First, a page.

Suspected militants bomb a girl's school overnight in northwest Pakistan

This is a locator map for Pakistan with its capital, Islamabad, and the Kashmir region. (AP Photo)

PESHAWAR, Pakistan (AP) — Suspected militants bombed a girl's school in a former Pakistani Taliban stronghold, destroying the structure, police said Friday, although no one was hurt in the overnight attack.

The attack happened in South Waziristan, a district in the Khyber Pakhtunkhwa province. It was the second one this month after another school was badly damaged in the region, local police official Safdar Khan said.

Nobody immediately claimed responsibility, but the suspicion is likely to fall on Islamic militants and specifically the Pakistani Taliban, who had previously targeted girl's schools in the province, saying that women should not be educated.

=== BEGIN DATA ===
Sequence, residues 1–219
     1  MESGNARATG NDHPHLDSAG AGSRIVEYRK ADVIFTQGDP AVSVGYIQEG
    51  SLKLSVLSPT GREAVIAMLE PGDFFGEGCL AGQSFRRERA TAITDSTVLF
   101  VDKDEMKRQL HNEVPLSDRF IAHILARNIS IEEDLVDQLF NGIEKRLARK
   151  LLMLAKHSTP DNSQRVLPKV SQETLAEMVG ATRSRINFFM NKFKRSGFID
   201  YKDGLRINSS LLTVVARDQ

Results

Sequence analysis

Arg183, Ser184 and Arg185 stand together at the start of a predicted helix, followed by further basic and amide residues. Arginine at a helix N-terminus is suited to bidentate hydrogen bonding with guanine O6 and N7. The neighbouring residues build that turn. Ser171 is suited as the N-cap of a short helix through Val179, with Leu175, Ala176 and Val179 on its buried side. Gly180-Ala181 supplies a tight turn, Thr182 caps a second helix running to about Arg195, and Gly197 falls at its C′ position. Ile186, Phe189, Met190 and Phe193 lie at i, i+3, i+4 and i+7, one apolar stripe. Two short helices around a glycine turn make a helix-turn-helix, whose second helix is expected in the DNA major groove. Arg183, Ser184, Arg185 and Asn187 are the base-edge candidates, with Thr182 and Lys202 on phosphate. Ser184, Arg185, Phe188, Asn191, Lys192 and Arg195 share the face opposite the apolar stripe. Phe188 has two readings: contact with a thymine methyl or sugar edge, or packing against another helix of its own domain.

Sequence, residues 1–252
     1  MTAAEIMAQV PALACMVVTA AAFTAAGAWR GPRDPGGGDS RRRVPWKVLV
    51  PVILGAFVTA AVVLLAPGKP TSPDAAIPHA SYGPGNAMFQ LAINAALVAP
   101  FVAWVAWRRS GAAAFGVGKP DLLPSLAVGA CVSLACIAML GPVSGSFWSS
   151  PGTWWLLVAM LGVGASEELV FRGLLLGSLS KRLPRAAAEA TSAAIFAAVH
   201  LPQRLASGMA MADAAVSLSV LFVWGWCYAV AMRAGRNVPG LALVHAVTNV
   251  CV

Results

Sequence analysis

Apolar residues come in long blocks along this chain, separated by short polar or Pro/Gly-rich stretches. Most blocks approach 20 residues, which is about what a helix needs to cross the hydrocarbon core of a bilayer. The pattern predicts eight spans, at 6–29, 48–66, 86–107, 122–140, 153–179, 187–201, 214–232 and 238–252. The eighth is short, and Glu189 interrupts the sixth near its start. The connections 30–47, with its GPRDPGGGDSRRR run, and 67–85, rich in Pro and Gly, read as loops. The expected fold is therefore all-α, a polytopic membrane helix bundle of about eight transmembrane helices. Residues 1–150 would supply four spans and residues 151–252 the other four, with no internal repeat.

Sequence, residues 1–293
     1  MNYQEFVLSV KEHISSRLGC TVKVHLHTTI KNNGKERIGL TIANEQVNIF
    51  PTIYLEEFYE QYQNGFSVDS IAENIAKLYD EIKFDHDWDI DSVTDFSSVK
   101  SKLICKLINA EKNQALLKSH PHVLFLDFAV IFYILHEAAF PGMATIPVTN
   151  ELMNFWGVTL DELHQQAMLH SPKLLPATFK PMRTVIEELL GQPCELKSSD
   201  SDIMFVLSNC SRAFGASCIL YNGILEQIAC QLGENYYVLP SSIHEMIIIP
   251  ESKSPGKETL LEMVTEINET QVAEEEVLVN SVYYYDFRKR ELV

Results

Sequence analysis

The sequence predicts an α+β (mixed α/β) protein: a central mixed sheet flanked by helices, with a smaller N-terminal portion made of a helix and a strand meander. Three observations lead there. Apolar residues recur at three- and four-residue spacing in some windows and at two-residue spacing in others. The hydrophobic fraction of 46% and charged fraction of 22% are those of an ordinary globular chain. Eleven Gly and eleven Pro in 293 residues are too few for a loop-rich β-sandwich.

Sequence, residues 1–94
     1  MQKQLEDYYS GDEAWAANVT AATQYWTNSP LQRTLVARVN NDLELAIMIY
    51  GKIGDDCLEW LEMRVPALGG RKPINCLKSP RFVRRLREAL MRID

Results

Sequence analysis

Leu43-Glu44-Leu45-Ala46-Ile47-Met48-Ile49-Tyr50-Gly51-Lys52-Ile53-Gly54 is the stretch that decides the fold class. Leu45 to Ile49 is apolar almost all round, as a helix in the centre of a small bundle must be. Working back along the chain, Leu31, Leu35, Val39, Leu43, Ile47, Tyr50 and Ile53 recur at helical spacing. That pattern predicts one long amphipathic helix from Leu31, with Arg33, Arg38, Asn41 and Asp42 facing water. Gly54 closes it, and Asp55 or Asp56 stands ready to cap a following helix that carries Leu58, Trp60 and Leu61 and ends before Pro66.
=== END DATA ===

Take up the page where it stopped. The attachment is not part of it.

Until years ago, Pakistan's northwest witnessed multiple attacks on girl's schools, especially in the Swat Valley where the Pakistani Taliban long controlled the former tribal regions.

In 2012, insurgents attacked Malala Yousafzai, a teenage student and advocate for female education. She later went on to win the Nobel Peace Prize.

The Pakistani Taliban, known as Tehreek-e-Taliban Pakistan or TTP, were evicted from Swat and other regions in recent years. The TTP are a separate group but a close ally of the Afghan Taliban, who seized power over Afghanistan in 2021. The Taliban takeover in neighboring Afghanistan has emboldened the Pakistani Taliban.